Abstract

Aim

Method

Results

Conclusion

Author Information

Benjamin Healey, Senior Research Fellow, Department of Marketing, University of Otago, Richard Edwards, Professor, Department of Public Health, University of Otago, Nick Wilson, Associate Professor, Department of Public Health, University of Otago, George Thomson, Associate Professor, Department of Public Health, University of Otago, Janet Hoek, Professor, Department of Marketing, University of Otago, Steve Taylor, Biostatistician, School of Public Health and Psychosocial Studies, AUT University

Acknowledgements

Correspondence

Correspondence Email

ben.healey@otago.ac.nz

Competing Interests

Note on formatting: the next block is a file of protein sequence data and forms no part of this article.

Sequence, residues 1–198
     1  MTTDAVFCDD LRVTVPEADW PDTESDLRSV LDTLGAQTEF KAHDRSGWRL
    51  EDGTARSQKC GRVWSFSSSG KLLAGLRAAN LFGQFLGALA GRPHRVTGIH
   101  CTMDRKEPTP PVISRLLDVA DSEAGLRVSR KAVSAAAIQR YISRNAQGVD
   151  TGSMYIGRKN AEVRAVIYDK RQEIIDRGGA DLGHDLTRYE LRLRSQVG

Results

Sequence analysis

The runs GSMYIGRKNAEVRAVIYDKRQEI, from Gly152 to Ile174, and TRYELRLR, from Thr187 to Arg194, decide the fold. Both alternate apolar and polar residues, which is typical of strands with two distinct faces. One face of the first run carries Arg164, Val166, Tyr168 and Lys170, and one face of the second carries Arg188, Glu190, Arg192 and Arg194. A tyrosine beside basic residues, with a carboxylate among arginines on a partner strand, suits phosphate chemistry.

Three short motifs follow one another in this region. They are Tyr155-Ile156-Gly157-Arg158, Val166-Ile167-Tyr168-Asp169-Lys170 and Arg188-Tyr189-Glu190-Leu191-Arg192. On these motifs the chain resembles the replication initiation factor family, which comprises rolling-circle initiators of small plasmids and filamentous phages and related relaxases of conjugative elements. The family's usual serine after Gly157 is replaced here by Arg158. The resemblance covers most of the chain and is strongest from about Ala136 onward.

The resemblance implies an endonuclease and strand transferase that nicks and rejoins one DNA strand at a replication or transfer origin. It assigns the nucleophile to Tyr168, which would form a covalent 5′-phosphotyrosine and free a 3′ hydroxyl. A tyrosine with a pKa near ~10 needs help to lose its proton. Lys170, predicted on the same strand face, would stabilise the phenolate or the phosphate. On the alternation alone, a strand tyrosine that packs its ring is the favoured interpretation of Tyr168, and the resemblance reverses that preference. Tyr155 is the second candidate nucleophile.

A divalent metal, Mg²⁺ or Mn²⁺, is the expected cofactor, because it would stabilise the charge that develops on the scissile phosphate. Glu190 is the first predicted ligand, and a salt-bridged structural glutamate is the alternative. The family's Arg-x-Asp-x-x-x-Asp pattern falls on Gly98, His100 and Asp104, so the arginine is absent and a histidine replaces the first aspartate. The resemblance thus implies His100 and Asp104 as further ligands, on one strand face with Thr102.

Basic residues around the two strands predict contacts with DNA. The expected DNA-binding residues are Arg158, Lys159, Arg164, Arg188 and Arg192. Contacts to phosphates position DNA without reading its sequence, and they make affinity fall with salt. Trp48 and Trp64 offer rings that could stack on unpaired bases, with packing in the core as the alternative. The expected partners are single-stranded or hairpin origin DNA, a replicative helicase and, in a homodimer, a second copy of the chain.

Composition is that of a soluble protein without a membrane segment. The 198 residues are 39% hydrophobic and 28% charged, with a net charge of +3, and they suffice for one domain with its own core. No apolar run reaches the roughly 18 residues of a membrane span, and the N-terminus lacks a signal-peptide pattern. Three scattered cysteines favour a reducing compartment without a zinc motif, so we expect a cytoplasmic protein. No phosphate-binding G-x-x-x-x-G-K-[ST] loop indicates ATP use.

Wilson N, Thomson G, Edwards R, et al. Smokefree cars to protect children and denormalise smoking: a mini-review of New Zealand literature. N Z Med J. 2012;125(1355):81-6. http://journal.nzma.org.nz/journal/125-1355/5208/content.pdfMarsh L, McGee R, Gray A, et al. Youth experiences of secondhand smoke exposure in New Zealand: evidence from 5 national surveys (2000 to 2008). N Z Med J. 2012;125(1355):9-18. http://journal.nzma.org.nz/journal/125-1355/5197/content.pdfGlover M, Maifeleni T, Yeh C, et al. No need to ban smoking in cars with children present--it's almost snuffed out. N Z Med J. 2012;125(1358):84-8. http://journal.nzma.org.nz/journal/125-1358/5272/content.pdfASH New Zealand. National Year 10 ASH Snapshot Survey, 1999-2010: trends in tobacco use by students aged 14-15 years. Report for Ministry of Health, Health Sponsorship Council and Action on Smoking and Health. Auckland, New Zealand: ASH New Zealand, 2011.ASH New Zealand. National Year 10 ASH Snapshot Survey: Methodology. Report for the Ministry of Health, Health Sponsorship Council and Action on Smoking and Health Auckland, New Zealand: ASH New Zealand, 2012.Paynter J. National Year 10 ASH Snapshot Survey, 1999-2007: Trends in tobacco use by students aged 14-15 years. Report for the Ministry of Health, Health Sponsorship Council and Action on Smoking and Health. Auckland, New Zealand: ASH New Zealand, 2008.Paynter J. National Year 10 ASH Snapshot Survey, 1999-2008: Trends in tobacco use by students aged 14-15 years. Report for the Ministry of Health, Health Sponsorship Council and Action on Smoking and Health. Auckland, New Zealand: ASH New Zealand, 2009.Paynter J. National Year 10 ASH snapshot survey, 1999-2009: trends in tobacco use by students aged 14-15 years. . Report for Ministry of Health, Health Sponsorship Council and Action on Smoking and Health. Auckland, New Zealand: ASH New Zealand, 2010.Scragg R. Report of 1999-2006 National Year 10 Snapshot Smoking Surveys, Prepared for ASH & Health Sponsorship Council. Auckland, New Zealand: School of Population Health, University of Auckland 2007.ASH New Zealand. National Year 10 ASH Snapshot Survey, 2012. Unpublished raw data. Auckland, New Zealand: ASH New Zealand, 2012.Statistics New Zealand. Subnational Population Estimates, as at 30 June 2012. (Excel Tables). Wellington, New Zealand: Statistics New Zealand, 2012; Table 4.ASH New Zealand. ASH Year 10 Questionnaire 2011. ASH New Zealand., 2011.Patel V, Thomson G, Wilson N. Objective measurement of area differences in privatesmoking behaviour: observing smoking in vehicles. Tob Control. 201110.1136/tobaccocontrol-2011-050119.Martin J, George R, Andrews K, et al. Observed smoking in cars: a method and differences by socioeconomic area. Tob Control. 2006;15:409-11.